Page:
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Yamaha LJ16BC Billy Corgan Acoustic Guitar

An acoustic that's simply smashing!


by Chris Loeffler



Artist guitars are a mixed bag for this reviewer, with many either having nearly identical features to non-artist models with a significantly larger price tag and others being so specifically featured that no player aspiring beyond that artist would find the "differences" necessary in a primary guitar. While I am versed in the majority of the Smashing Pumpkins body of work (at least the first half dozen albums) I confess I wasn’t sure what to expect from a signature Billy Corgan acoustic guitar from Yamaha.


The Yamaha LJ16BC Billy Corgan acoustic electric guitar features a 14-fret jumbo body with an A.R.E. (more on this in a moment) treated solid Engelmann spruce top, solid rosewood back and sides, a 25-9/16” scale mahogany and rosewood neck with an ebony fretboard and abalone fret markers. A passive Yamaha SRT piezo undersaddle pickup is the sole electronic addition to the guitar and it comes stringed with Elixir Nanoweb 80/20 Bronze Lights in a hard shell case.


What You Need to Know


Given the boldness of the rhythmic drive of much of his much, it makes sense that the Yamaha Billy Corgan acoustic is built on the foundation of a jumbo-style body, with a deep, full-frequency response that shines in aggressive strumming but articulates well with sparser, finger-picking playing as well. The slightly smaller scale of the guitar (surprising, when you consider the size of Corgan himself) led to a slightly less chest-vibrating experience than I’ve had with many Jumbos I’ve reviewed, but the tradeoff is a significant reduction in feedback when plugged in at concert volumes.


The style of the guitar itself is attractive without looking significantly different from sima standard acoustic guitar, with the zero logo on the headstock being the primary indicator it is an artist series guitar. The brass bridge pins and a Graph Tech Tusq nut and compensated saddle were designed to work in concert with the L-series top bracing to increase the low- and upper-midrange presence, and my review experience, both unplugged and electric, proved these design intentions to be true with a full sounding, but never flabby, acoustic tone that still cut through other instruments. Yamaha's A.R.E. (Acoustic Resonance Enhancement) process is applied to the solid top, resulting in a more lived in and rich tone production.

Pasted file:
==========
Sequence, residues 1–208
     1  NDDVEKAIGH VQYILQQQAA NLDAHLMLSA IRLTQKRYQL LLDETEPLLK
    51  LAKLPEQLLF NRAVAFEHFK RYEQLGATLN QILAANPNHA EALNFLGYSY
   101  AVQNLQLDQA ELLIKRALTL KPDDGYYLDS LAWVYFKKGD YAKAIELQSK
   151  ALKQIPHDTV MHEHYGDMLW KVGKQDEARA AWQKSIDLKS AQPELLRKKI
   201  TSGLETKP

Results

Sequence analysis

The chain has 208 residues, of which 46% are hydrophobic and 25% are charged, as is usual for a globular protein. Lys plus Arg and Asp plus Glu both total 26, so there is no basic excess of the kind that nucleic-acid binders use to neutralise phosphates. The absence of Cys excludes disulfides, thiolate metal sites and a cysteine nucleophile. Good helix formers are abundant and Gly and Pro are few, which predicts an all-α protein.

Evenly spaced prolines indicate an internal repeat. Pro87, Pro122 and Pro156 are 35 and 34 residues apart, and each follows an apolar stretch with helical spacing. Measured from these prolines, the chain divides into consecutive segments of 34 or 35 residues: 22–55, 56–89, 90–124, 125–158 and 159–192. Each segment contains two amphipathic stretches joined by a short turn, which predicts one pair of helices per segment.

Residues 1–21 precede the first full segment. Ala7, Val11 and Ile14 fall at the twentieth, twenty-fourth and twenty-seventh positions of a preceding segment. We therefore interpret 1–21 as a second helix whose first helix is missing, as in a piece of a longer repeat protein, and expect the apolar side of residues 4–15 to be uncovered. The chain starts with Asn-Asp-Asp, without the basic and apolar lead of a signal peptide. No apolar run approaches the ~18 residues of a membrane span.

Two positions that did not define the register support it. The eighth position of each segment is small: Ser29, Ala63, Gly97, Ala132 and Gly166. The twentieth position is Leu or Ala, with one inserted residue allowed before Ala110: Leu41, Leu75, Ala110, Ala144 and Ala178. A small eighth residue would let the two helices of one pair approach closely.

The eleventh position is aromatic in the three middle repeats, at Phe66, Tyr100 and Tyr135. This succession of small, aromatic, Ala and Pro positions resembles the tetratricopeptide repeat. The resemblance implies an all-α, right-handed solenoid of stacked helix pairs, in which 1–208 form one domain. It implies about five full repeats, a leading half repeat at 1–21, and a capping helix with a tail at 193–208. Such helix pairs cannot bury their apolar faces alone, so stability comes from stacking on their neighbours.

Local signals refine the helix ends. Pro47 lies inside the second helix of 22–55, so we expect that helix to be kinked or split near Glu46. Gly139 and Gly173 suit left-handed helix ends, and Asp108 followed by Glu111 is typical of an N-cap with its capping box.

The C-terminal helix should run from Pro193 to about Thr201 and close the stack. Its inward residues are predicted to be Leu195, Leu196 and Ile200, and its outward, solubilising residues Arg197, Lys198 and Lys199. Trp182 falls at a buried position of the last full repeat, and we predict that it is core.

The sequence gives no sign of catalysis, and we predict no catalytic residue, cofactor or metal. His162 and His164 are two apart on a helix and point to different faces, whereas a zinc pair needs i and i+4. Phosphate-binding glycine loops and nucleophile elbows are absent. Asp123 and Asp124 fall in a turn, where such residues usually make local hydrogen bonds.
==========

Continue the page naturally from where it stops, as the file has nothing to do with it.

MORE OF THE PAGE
The passive Yamaha SRT piezo has no onboard controls, leaving sonic massaging to post production or your handy live sound guy, but my experience with the unaltered electric tone was more than satisfactory, especially at the pricepoint.




While not a stark difference from any other acoustic-electric guitar I’ve played, I did still experience the ubiquitous quack of piezo pickups that most players will want to mix out later on.




Unlike the vanity projects that are artist series I described at the beginning of this review, I found the Yamaha LJ16BC to be a subdued, elegantly designed instrument that is a pleasure to play and listen to, regardless of the name that is (or isn’t) on the headstock. With an all-solid-wood body, tasteful appointments and finish, a pickup ready to be fed into your preamp of choice, and unique differences like brass bridge pins and the Tusq nut and saddle, the Billy Corgan signature easily transcends fan collectordom (although with such a limited production planned, I could see them all being snapped up for that alone) and reveals itself as just a damned good multifunction acoustic-electric guitar.  -HC-





Yamaha LJ16BC Billy Corgan Acoustic Electric Guitar Product Page


Buy the  Yamaha LJ16BC Billy Corgan Acoustic Electric Guitar (MSRP $1,600, Street $999.99) at Sweetwater or Samash





Chris Loeffler is a multi-instrumentalist and the Content Strategist of Harmony Central. In addition to his ten years experience as an online guitar merchandiser, marketing strategist, and community director he has worked as an international exporter, website consultant and brand manager. When he’s not working he can be found playing music, geeking out on guitar pedals and amps, and brewing tasty beer. 


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